After reading Deborah Helsing’s 2007 Teaching and Teacher Education article about the barrage of uncertainty experienced by educators, I was reminded of something one of our veteran teachers said in a small group break out session at a recent faculty meeting.”I feel discouraged most of the time because there are so many things to do that I can’t do any of them well, and sometimes I’m not even sure I know what to do, so it is impossible to do it better.” His heartfelt statement seemed unrelated to the stated meeting protocols but seemed to resonate with many around the table, opening the door for others to share similar feelings of despair. The small group discussion ended after five minutes when we were all called back for the next part of the presentation, Creating a Culture of Care.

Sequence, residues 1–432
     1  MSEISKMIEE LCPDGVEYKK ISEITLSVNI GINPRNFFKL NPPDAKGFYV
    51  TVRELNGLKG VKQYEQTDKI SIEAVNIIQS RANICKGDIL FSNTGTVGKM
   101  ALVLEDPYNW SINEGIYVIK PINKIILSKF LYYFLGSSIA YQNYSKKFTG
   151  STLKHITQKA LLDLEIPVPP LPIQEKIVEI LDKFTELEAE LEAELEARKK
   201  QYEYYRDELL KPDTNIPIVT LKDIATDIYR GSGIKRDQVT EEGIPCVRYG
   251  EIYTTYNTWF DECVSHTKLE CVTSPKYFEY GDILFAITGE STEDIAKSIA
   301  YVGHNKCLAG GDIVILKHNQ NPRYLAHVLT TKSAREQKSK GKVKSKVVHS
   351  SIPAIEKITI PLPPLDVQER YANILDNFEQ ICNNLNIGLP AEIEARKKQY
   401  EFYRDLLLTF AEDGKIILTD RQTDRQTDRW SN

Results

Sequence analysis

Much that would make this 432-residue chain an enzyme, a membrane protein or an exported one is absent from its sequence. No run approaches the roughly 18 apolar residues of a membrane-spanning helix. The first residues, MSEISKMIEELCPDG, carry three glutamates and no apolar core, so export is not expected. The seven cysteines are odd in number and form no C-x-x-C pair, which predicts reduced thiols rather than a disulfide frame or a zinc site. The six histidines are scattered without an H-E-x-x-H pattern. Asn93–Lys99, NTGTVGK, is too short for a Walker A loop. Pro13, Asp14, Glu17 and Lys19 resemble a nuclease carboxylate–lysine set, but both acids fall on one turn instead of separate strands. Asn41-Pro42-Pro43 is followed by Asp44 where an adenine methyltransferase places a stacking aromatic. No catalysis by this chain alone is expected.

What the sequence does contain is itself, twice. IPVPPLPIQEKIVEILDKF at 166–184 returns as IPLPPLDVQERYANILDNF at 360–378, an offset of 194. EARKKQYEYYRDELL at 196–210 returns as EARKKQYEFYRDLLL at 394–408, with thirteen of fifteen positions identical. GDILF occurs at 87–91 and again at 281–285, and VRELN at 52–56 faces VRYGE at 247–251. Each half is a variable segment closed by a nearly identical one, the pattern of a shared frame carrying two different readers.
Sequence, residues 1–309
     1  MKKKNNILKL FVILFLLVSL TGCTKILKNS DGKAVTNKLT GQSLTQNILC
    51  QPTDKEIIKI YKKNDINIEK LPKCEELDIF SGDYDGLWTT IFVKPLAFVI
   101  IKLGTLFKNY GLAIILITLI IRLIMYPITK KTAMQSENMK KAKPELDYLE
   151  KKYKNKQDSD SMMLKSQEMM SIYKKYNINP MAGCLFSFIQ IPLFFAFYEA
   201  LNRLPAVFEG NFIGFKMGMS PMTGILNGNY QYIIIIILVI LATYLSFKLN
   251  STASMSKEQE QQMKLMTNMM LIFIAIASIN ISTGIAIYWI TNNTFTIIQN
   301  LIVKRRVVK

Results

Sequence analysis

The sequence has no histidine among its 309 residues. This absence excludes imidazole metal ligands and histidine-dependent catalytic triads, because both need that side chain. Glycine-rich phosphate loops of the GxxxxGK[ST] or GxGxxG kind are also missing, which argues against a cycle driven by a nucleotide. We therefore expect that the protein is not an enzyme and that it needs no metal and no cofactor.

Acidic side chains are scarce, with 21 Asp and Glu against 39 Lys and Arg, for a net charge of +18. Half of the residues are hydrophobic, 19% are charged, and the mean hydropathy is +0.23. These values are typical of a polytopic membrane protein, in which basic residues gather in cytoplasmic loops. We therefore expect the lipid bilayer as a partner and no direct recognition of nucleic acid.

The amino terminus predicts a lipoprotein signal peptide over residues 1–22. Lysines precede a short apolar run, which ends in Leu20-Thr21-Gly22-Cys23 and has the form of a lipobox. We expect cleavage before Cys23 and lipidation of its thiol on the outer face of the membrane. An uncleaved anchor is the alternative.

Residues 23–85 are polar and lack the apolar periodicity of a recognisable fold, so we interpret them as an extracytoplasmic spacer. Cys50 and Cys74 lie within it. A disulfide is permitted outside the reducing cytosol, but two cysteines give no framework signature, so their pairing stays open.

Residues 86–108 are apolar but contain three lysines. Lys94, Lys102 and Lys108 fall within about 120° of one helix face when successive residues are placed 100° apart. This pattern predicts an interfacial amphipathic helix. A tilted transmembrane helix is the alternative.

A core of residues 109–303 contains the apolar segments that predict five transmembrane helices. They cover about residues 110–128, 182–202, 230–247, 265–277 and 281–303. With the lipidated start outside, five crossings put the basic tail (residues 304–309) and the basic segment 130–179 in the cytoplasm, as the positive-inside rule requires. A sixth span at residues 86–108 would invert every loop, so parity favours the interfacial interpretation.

I followed up with this teacher after the meeting and checked in with him a few more times over the course a couple of weeks to see how he was doing. I would like to think part of the reason things improved for him was related to his ability to express how he was feeling that day. By doing so he invited others to share how they were feeling, validating his sense of overwhelmed-ness, and providing some comfort knowing he was not alone. So, part of dealing with the uncertainty we face in education every day requires acknowledgement from someone else that the job is hard, and creating an environment where people can talk openly about their struggles. I am starting to see where our new SEL program might provide a framework for teachers and students to solve problems that arise from ambiguity in teaching and learning, and where mindfulness training might provide the serenity to live with the tension caused by such uncertainty.